Shoe Box Circuitsby: Cody Sandifer

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Students’ eyes grow wide with wonder as they get a motor to work or make a bulb light for the first time. As these daunting feats of electrical engineering remind us, teaching electricity is invariably rewarding and worthwhile. In this inquiry-based science project, elementary students work in pairs to design and wire a shoe box “room” that meets well-defined circuit requirements. In so doing, the students solidify their understandings of electricity and gain a better understanding of the ways in which electricity concepts are related to the electrical circuits in their homes.

Grades
  • Elementary
Publication Date
12/1/2009

Community ActivitySaved in 1022 Libraries

Reviews (6)
  • on Fri Jan 04, 2013 11:51 AM

This article provides a wonderful example of the design aspect of engineering appropriate for an elementary classroom that is exploring simple circuits. Everything is provided in the article starting with the materials through the assessment portion. In reality this is really a STEAM project because their shoeboxes are decorated as well. This article is a great example of how engineering can be incorporated into an elementary learning experience.

Adah  (San Antonio, TX)
Adah (San Antonio, TX)

  • on Tue Sep 06, 2011 2:55 PM

This article provides the framework for an excellent hands-on electricity learning activity. The author begins the article by outlining the key concepts explored in the activity and then details each step in the process making this an excellent article for teachers who are unfamiliar with electrical circuits. The article includes excellent diagrams and information on installing circuits. The author also includes notes on class discussion and extension ideas. This is an excellent article and I look forward to trying this activity with my students soon!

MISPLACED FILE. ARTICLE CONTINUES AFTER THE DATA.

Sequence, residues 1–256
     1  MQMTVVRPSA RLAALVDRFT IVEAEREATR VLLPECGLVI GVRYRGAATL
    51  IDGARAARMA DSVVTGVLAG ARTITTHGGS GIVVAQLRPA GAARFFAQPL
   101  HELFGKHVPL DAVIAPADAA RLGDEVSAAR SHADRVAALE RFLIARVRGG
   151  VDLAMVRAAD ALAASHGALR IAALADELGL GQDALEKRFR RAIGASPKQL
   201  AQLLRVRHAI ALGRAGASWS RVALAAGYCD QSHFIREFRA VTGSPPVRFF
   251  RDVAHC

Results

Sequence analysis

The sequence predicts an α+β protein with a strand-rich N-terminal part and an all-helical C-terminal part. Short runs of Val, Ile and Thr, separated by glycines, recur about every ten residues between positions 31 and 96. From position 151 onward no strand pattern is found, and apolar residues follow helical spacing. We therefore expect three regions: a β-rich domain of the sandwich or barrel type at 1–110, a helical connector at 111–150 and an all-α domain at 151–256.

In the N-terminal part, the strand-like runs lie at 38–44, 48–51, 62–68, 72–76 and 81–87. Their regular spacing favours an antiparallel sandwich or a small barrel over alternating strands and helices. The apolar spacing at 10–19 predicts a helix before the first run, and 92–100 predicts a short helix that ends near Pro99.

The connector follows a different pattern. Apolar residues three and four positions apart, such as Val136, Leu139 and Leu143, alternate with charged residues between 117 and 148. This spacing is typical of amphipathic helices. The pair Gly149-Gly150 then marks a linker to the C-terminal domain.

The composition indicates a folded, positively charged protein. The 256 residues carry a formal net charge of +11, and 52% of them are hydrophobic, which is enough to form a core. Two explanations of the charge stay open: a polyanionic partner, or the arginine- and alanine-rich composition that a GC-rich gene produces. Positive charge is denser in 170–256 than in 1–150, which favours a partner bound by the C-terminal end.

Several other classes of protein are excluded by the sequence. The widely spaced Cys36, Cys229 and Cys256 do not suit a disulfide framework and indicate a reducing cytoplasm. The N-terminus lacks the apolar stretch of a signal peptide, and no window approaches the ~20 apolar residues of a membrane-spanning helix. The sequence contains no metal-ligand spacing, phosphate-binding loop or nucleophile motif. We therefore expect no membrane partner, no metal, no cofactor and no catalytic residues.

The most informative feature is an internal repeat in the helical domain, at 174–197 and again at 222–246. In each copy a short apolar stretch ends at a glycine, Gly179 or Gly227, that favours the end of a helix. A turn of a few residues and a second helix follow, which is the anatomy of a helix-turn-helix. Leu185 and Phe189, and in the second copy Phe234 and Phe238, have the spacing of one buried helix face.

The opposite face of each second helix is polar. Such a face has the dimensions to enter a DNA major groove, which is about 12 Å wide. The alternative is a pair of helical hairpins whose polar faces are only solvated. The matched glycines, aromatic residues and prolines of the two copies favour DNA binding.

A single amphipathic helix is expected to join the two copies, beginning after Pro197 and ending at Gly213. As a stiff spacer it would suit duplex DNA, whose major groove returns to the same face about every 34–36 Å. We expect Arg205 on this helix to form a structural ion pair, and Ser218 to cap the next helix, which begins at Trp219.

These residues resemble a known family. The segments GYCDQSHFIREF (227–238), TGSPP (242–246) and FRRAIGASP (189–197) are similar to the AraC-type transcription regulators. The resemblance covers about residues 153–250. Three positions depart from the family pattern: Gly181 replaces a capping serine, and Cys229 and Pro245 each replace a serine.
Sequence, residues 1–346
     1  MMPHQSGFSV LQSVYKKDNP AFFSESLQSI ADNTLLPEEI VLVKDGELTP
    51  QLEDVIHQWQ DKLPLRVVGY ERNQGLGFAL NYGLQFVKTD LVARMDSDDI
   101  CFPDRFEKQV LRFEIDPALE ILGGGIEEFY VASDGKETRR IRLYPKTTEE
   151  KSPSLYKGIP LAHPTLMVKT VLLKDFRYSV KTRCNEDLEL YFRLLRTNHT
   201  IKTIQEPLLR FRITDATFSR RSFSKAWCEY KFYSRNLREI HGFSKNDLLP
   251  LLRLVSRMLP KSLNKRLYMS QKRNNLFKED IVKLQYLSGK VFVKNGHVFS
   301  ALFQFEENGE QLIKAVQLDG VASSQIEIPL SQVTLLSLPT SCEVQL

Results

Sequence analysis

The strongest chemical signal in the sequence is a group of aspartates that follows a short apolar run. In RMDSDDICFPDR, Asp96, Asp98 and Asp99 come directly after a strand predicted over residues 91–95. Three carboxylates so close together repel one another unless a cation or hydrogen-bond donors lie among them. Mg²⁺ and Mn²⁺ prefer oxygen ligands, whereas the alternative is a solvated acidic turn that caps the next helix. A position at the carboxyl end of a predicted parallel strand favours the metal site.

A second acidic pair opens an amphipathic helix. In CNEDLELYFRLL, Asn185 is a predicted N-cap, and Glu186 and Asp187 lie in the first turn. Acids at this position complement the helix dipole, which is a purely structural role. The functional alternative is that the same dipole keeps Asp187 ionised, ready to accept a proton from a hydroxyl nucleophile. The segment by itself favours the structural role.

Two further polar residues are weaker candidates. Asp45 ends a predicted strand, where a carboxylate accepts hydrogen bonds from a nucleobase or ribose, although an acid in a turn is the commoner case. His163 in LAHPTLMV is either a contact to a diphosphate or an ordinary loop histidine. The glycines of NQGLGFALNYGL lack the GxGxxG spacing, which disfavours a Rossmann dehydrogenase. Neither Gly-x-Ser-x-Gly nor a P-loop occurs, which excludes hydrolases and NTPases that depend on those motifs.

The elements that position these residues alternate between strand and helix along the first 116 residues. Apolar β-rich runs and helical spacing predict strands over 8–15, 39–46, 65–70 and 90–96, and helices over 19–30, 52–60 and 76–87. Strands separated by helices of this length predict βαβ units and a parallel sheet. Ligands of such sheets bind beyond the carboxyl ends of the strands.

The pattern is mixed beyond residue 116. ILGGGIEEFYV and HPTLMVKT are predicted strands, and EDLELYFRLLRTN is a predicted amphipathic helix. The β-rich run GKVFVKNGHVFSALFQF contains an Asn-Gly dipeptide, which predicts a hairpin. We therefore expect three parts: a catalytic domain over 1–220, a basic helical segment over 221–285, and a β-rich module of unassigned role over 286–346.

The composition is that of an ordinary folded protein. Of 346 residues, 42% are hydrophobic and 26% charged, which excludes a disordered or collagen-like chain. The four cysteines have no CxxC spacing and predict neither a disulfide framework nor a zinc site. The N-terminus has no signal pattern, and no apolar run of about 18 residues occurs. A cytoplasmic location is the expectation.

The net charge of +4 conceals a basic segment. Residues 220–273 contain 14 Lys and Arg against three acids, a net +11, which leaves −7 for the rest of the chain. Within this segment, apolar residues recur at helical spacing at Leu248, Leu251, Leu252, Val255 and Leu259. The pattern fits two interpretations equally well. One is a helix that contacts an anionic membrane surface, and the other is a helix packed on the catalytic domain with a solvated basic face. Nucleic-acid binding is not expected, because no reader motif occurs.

Maureen Stover  (Seaside, CA)
Maureen Stover (Seaside, CA)

  • on Sun May 08, 2011 3:29 PM

Engaging, inquiry based, cooperative learning, multi-day project for upper elementary and low middle school leveled students. Detailed procedures allow for all educators to understand simple circuitry.

Alyce Dalzell  (Peyton, CO)
Alyce Dalzell (Peyton, CO)

  • on Wed Nov 10, 2010 11:03 AM

This article describes an extension activity for upper-elementary or even middle school students after a unit on electrical circuits. If it is not possible for students to complete the hands-on project, they may consider doing so using a computer simulation circuit builder.

Lara  (New Haven, CT)
Lara (New Haven, CT)

  • on Mon Oct 12, 2015 4:57 PM

This article focuses on a hands-on electrical project for 4th and 5th grades. It goes beyond just another hands-on activity for learning, it allows students to make a connection with their own lives and create a working model. This would be a great activity to do in the classroom and would definitely be engaging! I cannot wait until I can try it out with my own students. Directions, concepts, materials, and discussion/report are written out clearly that any teacher could follow. There is even an enhancement section, that allows you to take this project even a step further. Definitely recommend!

Alisa Kunhavijit
Alisa Kunhavijit

  • on Thu Jun 02, 2011 8:24 PM

This article Shoebox Circuits helps teachers take the batteries and bulb units further than just the hands-on piece. The article describes an activity that would be a possible assessment for the earlier learning. The students are expected to draw a blueprint of how they would wire their shoe rooms and then they have to see if it really works. I recommend this article.

Kathy Renfrew  (Barnet, VT)
Kathy Renfrew (Barnet, VT)


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